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Lactose lowdown

Cutting down on the amount of sugar we have in our diet is a great move for our health, but when it comes to dairy there’s no need to worry.

MILK – milk contains a natural sugar called lactose but health organisations around the world, including the NHS, say there’s no need to avoid or limit this type of sugar as it’s not harmful to health. Meanwhile, skimmed, 1% fat, semi-skimmed and whole milk are all free from added sugars.

“Free sugars are those added to food or those naturally present in honey, syrups and unsweetened fruit juices, but exclude lactose in milk and milk products”

The Scientific Advisory Committee on Nutrition

YOGURT – yogurt is made from milk so, like milk, it contains lactose.

  • Plain or natural yogurts don’t have any other ingredients added to them so the only sugar they contain is naturally occurring lactose.
  • Flavoured yogurts are made from plain yogurt – this means some of the sugar they contain is naturally occurring lactose. Then other ingredients are added for flavour. This may include fruit, sugar and/or ingredients that contain sugar such as honey or chocolate. While many of us should eat fewer sugary foods, it’s worth remembering that yogurt is a nutrient-dense food – in other words, any sugar it contains comes with plenty of protein and many vitamins and minerals. The amount of sugar that’s added to yogurt depends on the brand but if you look at the label, you’ll be able to see how much the product contains.

CHEESE – hard cheeses like Cheddar contain virtually no sugars at all. Softer cheeses such as cream cheese or cheese spread do contain some lactose.


Most people in the UK have no problems whatsoever digesting dairy products, and lactose intolerance is far less common than many of us think, with just 8% of people in the UK effected. For those who are, the cause lies in low levels of lactase, the enzyme that’s needed to digest lactose. This means undigested lactose passes into the large intestine where gut bacteria start to break it down, the side effects of which include symptoms such as bloating, wind, an uncomfortable tummy and diarrhoea. In some cases, the condition can be temporary – for example, it can occur after a bout of food poisoning or gastroenteritis, which damages the lining of the gut (it’s the gut lining that produces lactase so if this area is damaged, the production of this enzyme is affected). Once the gut heals, lactase starts to be produced again so foods containing lactose can be eaten once more without symptoms.

The good news is, even if you have lactose intolerance, you don’t automatically need to give up dairy products. Many people with the condition find they can tolerate small amounts of lactose or certain dairy products, such as a small pot of yogurt or a piece of hard cheese, the latter of which contains virtually no lactose. Lactose-free milk is also widely available and contain all the nutrients of regular milk, except for the lactose. It’s important not to avoid dairy unless you have to, as milk and other dairy products provide a wide range of nutrients, including calcium.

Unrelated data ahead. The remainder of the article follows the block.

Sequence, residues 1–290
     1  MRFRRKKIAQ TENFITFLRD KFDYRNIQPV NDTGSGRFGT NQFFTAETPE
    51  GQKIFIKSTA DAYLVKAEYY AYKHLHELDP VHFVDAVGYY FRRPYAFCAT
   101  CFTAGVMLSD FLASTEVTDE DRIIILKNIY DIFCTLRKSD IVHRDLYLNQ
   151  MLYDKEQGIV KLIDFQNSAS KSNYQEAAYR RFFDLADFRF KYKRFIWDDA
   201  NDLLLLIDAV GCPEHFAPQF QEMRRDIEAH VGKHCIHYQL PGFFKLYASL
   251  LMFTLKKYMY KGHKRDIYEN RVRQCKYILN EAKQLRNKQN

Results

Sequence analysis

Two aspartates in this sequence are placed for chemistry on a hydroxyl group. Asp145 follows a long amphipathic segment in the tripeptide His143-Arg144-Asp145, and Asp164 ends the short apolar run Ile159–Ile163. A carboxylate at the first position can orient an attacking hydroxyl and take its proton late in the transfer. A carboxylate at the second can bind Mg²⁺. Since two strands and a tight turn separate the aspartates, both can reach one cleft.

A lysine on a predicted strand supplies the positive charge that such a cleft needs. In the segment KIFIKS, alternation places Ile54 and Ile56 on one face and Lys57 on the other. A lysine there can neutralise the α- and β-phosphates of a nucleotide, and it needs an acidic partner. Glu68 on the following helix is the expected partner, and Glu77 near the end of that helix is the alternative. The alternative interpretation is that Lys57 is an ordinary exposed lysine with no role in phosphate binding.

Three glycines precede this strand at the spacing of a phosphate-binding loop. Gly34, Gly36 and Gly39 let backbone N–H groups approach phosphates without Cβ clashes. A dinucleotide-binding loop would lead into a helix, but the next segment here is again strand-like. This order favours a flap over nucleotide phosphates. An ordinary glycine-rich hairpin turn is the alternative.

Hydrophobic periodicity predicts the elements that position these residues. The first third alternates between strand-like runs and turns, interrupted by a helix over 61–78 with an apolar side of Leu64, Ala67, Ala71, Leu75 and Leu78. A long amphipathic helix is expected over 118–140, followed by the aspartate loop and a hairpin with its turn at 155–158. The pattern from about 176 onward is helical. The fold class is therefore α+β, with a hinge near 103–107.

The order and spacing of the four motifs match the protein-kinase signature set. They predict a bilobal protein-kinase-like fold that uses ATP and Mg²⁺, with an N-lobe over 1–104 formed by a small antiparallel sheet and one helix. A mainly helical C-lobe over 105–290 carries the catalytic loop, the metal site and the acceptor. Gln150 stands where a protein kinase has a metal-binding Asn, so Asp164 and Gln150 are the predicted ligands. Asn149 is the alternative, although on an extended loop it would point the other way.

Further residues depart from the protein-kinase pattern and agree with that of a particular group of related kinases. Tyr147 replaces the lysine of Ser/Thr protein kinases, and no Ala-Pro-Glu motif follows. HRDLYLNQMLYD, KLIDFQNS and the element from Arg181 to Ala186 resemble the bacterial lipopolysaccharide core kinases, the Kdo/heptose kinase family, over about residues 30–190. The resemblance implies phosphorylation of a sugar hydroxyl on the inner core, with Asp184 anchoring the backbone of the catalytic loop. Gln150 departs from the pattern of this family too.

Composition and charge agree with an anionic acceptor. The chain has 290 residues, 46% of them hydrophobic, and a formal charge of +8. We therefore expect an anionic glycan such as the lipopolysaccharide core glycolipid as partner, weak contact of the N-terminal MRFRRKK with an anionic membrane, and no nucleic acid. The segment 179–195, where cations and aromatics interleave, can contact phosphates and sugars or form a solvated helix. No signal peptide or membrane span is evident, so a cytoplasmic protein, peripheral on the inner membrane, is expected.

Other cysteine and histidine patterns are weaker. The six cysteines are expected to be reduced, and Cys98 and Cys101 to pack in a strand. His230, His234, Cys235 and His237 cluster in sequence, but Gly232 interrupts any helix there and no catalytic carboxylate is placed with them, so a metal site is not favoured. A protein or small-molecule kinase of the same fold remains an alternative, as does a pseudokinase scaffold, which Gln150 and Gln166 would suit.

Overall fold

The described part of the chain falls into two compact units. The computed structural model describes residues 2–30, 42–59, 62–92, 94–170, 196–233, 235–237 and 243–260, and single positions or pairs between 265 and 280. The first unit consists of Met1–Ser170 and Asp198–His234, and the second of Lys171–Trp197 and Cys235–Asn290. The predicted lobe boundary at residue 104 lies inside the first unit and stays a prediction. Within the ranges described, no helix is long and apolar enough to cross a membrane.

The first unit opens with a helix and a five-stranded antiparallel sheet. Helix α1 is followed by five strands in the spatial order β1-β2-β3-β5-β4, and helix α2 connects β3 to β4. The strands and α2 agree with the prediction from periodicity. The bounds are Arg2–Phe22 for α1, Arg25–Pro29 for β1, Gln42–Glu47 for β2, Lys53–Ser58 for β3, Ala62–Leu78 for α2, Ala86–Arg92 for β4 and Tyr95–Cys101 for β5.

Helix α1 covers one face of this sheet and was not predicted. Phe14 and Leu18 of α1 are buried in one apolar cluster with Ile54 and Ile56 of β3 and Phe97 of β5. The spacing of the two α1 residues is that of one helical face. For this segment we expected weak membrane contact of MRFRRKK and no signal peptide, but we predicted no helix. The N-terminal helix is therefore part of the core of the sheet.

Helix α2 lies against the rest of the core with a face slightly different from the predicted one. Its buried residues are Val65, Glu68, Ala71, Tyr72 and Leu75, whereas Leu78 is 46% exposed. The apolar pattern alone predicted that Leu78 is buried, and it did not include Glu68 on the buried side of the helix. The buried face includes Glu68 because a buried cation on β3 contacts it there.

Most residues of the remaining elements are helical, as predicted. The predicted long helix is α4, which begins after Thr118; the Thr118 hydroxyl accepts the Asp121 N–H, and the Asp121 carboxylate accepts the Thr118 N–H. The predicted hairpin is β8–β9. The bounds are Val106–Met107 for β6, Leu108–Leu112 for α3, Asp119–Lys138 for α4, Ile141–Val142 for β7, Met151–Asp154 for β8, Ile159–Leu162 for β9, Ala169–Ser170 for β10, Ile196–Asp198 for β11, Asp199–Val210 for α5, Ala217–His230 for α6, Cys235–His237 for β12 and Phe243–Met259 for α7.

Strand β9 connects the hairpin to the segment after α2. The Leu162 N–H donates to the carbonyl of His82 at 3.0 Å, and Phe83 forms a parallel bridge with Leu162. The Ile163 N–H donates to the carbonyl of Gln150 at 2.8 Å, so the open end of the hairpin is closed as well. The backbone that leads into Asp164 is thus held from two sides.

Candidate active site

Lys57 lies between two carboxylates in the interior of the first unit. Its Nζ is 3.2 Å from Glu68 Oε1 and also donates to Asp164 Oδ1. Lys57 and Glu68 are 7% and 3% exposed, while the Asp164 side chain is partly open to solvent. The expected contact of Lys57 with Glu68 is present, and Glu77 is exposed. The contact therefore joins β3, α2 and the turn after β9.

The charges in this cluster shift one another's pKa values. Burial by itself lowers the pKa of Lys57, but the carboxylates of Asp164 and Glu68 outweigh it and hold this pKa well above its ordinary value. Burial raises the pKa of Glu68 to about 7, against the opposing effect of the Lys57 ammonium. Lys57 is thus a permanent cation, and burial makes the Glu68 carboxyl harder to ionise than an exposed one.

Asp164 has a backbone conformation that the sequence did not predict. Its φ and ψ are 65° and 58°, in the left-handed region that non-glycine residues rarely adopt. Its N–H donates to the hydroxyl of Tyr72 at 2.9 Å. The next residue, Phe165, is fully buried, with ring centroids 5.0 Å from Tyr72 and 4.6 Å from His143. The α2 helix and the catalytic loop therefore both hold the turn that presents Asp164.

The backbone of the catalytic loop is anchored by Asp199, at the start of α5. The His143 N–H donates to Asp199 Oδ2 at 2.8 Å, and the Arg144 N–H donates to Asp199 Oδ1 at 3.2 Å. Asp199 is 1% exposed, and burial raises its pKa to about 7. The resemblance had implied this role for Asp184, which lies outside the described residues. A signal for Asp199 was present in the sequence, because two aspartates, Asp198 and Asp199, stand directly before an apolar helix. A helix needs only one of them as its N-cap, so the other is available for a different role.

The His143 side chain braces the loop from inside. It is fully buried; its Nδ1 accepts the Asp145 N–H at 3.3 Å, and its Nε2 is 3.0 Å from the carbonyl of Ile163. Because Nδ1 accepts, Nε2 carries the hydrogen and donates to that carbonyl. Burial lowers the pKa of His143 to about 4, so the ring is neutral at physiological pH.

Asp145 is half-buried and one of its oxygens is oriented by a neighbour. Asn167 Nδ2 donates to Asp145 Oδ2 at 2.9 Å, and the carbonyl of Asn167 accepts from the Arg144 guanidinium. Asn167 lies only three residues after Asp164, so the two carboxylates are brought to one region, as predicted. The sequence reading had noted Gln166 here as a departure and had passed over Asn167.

The ingredients list, nutrition panel and traffic light labelling on the front of food packaging can help us identify what’s in the food we buy.

When looking at the sugar content on the nutrition panel or on the front of packaging, the value is for the total amount of sugar in the product. This includes any sugars that occur naturally such as lactose in milk or fructose in fruit, together with any sugar that’s added. These added sugars are called free sugars and include sugar itself, as well as honey, syrups and fruit juices, concentrates or purees.

We don’t need to worry about cutting down on natural sugars like lactose but we should aim to eat fewer foods that contain a lot of free or added sugars.

“For individuals who are maintaining a healthy body weight, the reduced intake of energy from free sugars should be replaced by energy from starches, sugars contained within the cellular structure of foods and for those who consume dairy products, by lactose naturally present in milk and milk products. Reducing consumption of free sugars would help to lower the risk of dental caries in all individuals”

The Scientific Advisory Committee on Nutrition

Plain milk and plain or natural yogurts contain no added ingredients so all the sugars come naturally from the lactose in milk. There’s no need to limit these.

Flavoured yogurts are based on plain yogurt to which other ingredients are added for flavour. Some of these ingredients may contain sugars. This means the sugar value on a pot of flavoured yogurt will include the natural sugars from milk (lactose) as well as any sugar from added ingredients. As a rough guideline, around 4g of the sugars in 100g yogurt come from the natural sugars in milk. This means if the label for a fruit yogurt says it contains 12g sugars per 100g, around 4g of these sugars come from milk sugars and the remaining 8g sugars come from other ingredients.

You can also look at the ingredients list to see what’s in a pot of yogurt. The foods closest to the top of the list are present in the greatest amounts, while those at the bottom of the list are present in the least amounts.

Health guidelines recommend we stick to less than 90g of total sugars a day. But rest assured though that the natural sugar in yogurt comes naturally packaged with protein and many vitamins and minerals.

Last reviewed: 03/2021
Next review due: 03/2023






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